The agent writing the initial policy application and who is entitled to any and all commissions on the issued insurance contract, or the agent assigned by the agency or home office to service a particular policy owner. Also, an agent given written authorization by a present policy owner to seek out and negotiate insurance contracts with companies other than his or her own. Similar to a broker, the agent of record represents the interests of the client in dealings with other insurance companies' agents. The agent of record usually receives a percentage of the commission earned on the new policy.

Aggressive Growth Fund:

A mutual fund whose primary investment objective is substantial capital gains, through long-term capital growth, by investing primarily in stocks of fast growing smaller companies or narrow market segments, such as "the technology sector" or "the Internet sector." Sometimes called a capital appreciation fund.

Alter Ego Trust:

An alter ego trust is defined in the Income Tax Act as a trust created after 1999 by an individual who is at least 65 years old, for the individual's exclusive benefit. Until the individual's death, no other person may receive or otherwise obtain the use of trust income or capital. On the death of the contributor, the remaining trust property can be distributed or held for the benefit of family members.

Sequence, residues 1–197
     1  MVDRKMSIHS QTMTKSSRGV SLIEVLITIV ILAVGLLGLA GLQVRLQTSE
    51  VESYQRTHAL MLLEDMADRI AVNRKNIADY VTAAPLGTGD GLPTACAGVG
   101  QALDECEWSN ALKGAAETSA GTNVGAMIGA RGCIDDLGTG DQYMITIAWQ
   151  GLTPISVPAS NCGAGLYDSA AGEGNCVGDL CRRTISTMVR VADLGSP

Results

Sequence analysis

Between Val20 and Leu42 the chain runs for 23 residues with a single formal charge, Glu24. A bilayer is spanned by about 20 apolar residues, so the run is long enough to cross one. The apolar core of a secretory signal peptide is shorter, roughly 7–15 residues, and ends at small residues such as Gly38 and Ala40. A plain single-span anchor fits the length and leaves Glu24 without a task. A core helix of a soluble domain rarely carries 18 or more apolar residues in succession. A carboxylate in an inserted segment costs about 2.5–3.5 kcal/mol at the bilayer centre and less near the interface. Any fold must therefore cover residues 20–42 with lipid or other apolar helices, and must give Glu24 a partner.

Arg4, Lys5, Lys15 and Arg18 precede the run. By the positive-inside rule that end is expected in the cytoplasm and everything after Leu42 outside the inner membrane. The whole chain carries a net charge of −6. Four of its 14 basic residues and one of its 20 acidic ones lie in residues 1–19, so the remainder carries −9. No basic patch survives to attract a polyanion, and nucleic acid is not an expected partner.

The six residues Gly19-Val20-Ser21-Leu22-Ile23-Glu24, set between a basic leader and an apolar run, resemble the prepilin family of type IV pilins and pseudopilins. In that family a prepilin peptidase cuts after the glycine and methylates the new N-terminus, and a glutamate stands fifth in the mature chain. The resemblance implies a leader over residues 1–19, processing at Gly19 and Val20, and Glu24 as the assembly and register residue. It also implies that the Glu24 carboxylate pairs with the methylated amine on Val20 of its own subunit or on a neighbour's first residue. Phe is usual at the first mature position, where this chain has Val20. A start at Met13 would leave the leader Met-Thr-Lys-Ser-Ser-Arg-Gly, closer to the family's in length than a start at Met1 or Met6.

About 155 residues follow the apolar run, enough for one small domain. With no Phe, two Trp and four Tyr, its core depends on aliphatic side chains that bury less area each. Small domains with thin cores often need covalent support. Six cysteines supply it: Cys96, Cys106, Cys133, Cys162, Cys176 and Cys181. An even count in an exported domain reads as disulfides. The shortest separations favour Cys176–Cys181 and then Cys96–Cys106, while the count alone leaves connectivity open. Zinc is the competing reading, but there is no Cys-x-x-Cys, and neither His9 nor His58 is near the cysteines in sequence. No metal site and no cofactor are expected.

Alternative Minimum Tax:

Is a method of calculating income tax that disallows certain deductions, credits, and exclusions. This was intended to ensure that individuals, trusts, and estates that benefit from tax preferences do not escape all federal income tax liability. People must calculate their taxes both ways and pay the greater of the two.

Amount of Insurance:

The limit of payment for which an insurer is liable under a policy.

Annuity:

Is a contract, which provides an income for a specified period of time, such as a specified number of years, or for the remainder of your life. An annuity is like a life insurance policy in reverse. The purchaser gives the life insurance company a lump sum of money and the life insurance company pays the purchaser a regular income, usually monthly.

Accrued Income:

Income that has been earned but not yet received. For instance, if you have a non-registered Guaranteed Investment Certificate (GIC), Mutual Fund or Segregated Equity Fund, growth accrues annually or semi-annually and is taxable annually even though the gain is only paid at maturity of your investment.

Annuitant: